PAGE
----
Main content
We are Port Adelaide

SANFL rule changes for 2019 season

ADELAIDE, AUSTRALIA - June 17: Jake Patmore of the Magpies kicks a goal during the 2018 SANFL round 11 match between the Port Adelaide Magpies and the Sturt Football Club at Alberton Oval on June 17, 2018 in Adelaide, Australia. (Photo by James Elsby/AFL Media)
ADELAIDE, AUSTRALIA - June 17: Jake Patmore of the Magpies kicks a goal during the 2018 SANFL round 11 match between the Port Adelaide Magpies and the Sturt Football Club at Alberton Oval on June 17, 2018 in Adelaide, Australia. (Photo by James Elsby/AFL Media)

The SANFL rules have been adjusted to bring the Statewide Super League into line with most of the changes being implemented in the AFL for 2019.

Among the changes to be brought in, players will have restrictions on where they start at each centre bounce – described as “traditional starting positions” – and they will no longer be required to kick-in to themselves if they wish to play on from a kick out after a behind.

The SANFL’s Laws of the Game Committee believes the rule changes will enhance those introduced in 2016 to make the game more free flowing, including the last touch out of bounds rule and the interchange cap.

 “These changes in match conditions respond to fans wanting free-flowing passages of play and one-on-one contests, and they support more instinctive play and players being able to showcase their skills and differences,” SANFL General Manager Football Adam Kelly told the SANFL website.

“Stoppage numbers have decreased over the past three years, with the average number dropping to 60 in 2018 from 84 in 2015,” Kelly said.

“In comparison to other State Leagues, we have gone from the highest number of stoppages to the lowest and from the lowest scoring to the highest.  This year’s Grand Final was the highest scoring in 35 years.”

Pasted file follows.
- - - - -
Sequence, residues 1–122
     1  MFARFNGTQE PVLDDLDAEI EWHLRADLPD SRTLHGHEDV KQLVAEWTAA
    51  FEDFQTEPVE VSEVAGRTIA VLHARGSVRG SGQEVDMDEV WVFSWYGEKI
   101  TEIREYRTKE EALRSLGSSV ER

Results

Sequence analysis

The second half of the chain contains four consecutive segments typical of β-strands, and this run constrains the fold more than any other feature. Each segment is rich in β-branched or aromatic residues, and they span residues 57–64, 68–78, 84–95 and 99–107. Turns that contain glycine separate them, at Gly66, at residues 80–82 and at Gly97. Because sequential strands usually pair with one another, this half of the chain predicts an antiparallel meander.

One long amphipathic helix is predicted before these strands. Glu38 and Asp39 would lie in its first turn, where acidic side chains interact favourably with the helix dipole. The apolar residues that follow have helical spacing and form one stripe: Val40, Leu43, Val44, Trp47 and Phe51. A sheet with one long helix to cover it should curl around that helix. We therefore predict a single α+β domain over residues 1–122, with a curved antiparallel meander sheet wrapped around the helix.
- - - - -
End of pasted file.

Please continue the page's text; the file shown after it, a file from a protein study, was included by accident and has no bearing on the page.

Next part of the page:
Some rules will continue to differ between the AFL competition and SANFL, including the use of a 25m penalty and the cap of 60 interchange rotations.

The new rules ratified by the SA Football Commission are outlined below: 

1. Traditional Playing Positions at Centre Bounce

Implementation of a traditional set up at centre bounces – clubs must have six players inside both 50-Metre arcs, with one player required to be inside the goal square. Four midfield players are positioned inside the centre square with the wingmen required to be placed somewhere along the wing (no closer to either goal than the centre square line).

2. Kick-ins

Kick-ins from a Behind, a Player will no longer need to kick to himself to Play On out of the Goal Square.

Following a Behind, the man on The Mark will be positioned 10 metres from the top of the Goal Square (currently 5 metres).

No opposition player can enter the area shown with the dotted line until the designated kicker has played on or been called to play on from the goal square. Any opposition player already in the area when the behind is scored must be actively exiting the area.

3. Marks / Free Kicks (Deep D50)

For all defenders who take a mark or gain a free kick within 9 metres of their own goal, the man on the mark for the attacking team will be brought in line with the top of the goal square (which is 9 metres).

4. Umpire Contact

Players will be prohibited from setting up behind the Umpire at each centre bounce.

5. Application of 25-Metre Penalty

Allowing the player with the ball to advance the mark by 25 metres without the infringing player delaying the game.

In addition, the player with the football will be able to play on during the advancement of the 25-metre penalty.

6. Kicking for Goal post-siren – Centre of Goal Line

A Player who has been awarded a mark or free kick once play has ended will now be able to kick across their body using a snap or check-side kick. The player shall dispose of the football directly in line with the man on the mark and the goal.

7. Marking Contest

‘Hands in the Back’ rule interpretation to be repealed, allowing a player to place his hands on the back of his opponent to protect his position in a marking contest but not to push the player in the back.

8. Ruck Contests – Prior Opportunity

A Ruck player who takes possession of the football while contesting a bounce or throw up by a field Umpire or a boundary throw in by a boundary Umpire, will not be regarded as having had prior opportunity. Where there is uncertainty over who is the designated Ruck, the Ruck for each team will continue to nominate to the field Umpire. SANFL Rules still permit a ”third man” contesting the ruck contest.

More from portadelaidefc.com.au...